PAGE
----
“For us [the Israelis] it might be unpleasant, but we are way stronger and more financially stable,” he said.
He added that BDS supporters are out of touch with the reality in Judea and Samaria, since many choose not to visit. He cited the popular Rami Levy grocery store that is in the center of the Gush Etzion junction, where “Jews and Arabs are walking up and down the same aisles.” He said it is the chain’s most profitable branch.
To help showcase this co-existence and the unique products being farmed and created in Judea and Samaria by Jews and Arabs alike, the Ministry of Strategic Affairs hosted a display table at the conference. Diplomats could touch and taste West Bank products and talk with representatives from the area.
The table was part of a larger effort, where the ministry is partnering with the Jordan Valley Regional Council to combat BDS that includes participation in international conferences where products, such as dates and wine from the region, are distributed to participants along with information on industrial developments in the valley. Special emphasis is placed on the innovative solutions to agricultural challenges that serve both communities and the day-to-day peaceful coexistence that working together fosters.
The project, said David Elhayani, head of the Jordan Valley Regional Council, will help confront the deleterious effect the movement has had on economic growth and development in the Jordan Valley.
“While we work to counter the lies and pressure of the boycott organizations, we’re also working to spread the truth about Israel and support those harmed by the boycotts,” Erdan said.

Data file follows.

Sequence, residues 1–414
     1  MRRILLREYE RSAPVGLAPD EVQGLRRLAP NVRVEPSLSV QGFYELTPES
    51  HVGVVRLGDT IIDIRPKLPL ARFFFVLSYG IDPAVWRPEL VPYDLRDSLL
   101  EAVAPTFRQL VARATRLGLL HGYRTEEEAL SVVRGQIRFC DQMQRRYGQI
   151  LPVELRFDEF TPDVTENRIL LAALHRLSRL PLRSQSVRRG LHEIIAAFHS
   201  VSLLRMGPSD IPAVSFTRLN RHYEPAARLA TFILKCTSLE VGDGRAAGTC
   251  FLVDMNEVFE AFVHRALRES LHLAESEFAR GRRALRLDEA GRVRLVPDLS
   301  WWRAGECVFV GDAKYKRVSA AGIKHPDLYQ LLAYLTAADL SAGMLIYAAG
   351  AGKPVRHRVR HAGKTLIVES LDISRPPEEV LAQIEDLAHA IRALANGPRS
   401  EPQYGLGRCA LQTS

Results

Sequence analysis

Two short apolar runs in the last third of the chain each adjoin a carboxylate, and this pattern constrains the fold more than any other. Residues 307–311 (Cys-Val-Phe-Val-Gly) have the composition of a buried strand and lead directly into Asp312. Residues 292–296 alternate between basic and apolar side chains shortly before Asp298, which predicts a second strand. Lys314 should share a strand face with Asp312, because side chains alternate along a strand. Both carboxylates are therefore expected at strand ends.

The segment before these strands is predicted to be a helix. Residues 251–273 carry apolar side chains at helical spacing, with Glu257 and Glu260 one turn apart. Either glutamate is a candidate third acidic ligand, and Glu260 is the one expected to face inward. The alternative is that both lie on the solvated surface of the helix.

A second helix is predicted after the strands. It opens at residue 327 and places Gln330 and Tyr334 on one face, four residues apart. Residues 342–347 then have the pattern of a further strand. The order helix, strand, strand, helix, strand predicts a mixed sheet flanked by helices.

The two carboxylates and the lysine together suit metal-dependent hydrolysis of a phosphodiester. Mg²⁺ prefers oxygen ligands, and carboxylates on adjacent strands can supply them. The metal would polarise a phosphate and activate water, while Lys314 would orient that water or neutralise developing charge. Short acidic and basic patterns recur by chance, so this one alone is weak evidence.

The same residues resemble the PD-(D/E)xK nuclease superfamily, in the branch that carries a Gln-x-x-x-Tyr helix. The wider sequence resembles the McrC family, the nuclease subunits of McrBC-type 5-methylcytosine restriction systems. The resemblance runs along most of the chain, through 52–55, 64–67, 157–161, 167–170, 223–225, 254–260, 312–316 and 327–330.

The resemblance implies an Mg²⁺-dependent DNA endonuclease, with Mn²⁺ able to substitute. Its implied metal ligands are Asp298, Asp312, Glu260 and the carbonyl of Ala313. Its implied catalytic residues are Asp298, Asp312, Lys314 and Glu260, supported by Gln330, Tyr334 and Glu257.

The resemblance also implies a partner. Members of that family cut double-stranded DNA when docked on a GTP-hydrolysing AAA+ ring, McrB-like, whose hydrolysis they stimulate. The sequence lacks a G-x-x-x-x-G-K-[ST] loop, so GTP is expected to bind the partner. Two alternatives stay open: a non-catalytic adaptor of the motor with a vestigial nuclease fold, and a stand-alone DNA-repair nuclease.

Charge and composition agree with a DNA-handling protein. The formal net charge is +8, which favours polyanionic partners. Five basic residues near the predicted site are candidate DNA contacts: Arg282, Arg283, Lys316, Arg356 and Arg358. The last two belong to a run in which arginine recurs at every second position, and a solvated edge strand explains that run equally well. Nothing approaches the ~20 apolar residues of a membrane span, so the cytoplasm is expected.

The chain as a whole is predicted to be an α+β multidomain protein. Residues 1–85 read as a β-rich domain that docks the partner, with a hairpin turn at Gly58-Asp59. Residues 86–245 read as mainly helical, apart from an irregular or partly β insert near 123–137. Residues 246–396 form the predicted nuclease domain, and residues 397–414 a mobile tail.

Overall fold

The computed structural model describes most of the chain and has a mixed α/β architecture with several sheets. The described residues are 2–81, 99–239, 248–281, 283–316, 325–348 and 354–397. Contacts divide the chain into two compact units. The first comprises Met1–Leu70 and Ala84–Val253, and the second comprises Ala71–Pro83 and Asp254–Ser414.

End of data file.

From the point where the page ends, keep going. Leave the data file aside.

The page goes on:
A Palestinian businessman, Ashraf Jaabari, also spoke on the panel. He told listeners about the recent launch of the Judea and Samaria Chamber of Commerce and Industry, where both Israelis and Palestinians can participate.
“I believe if we continue to work hard, we will get to excellent results,” Jaabari said.
But Ron Brummer, director of operations at the Ministry of Strategic Affairs, said while working to combat BDS, it is also important to label it for what it is – antisemitism.
Brummer said that according to the International Holocaust Remembrance Alliance, signaling out Israel is defined as antisemitism.
He then compared the BDS movement to a load of dirty laundry.
“You throw in antisemitism, terrorism, and delegitimization. The washing machine works and out comes a message of human rights, justice and equality,” Brummer said. “You cannot talk about annihilating the State of Israel. So, BDS is used to cover up the movement’s true face: antisemitism [which is] linked to terror and denying the mere existence of the State of Israel.”
Brummer added that BDS is a tool being used by those who want to delegitimize Israel. He said there is no threat that BDS will cause the Israeli economy to collapse. Rather, it “eats at the hearts and minds of the uneducated, of people who don’t know the reality of this area.”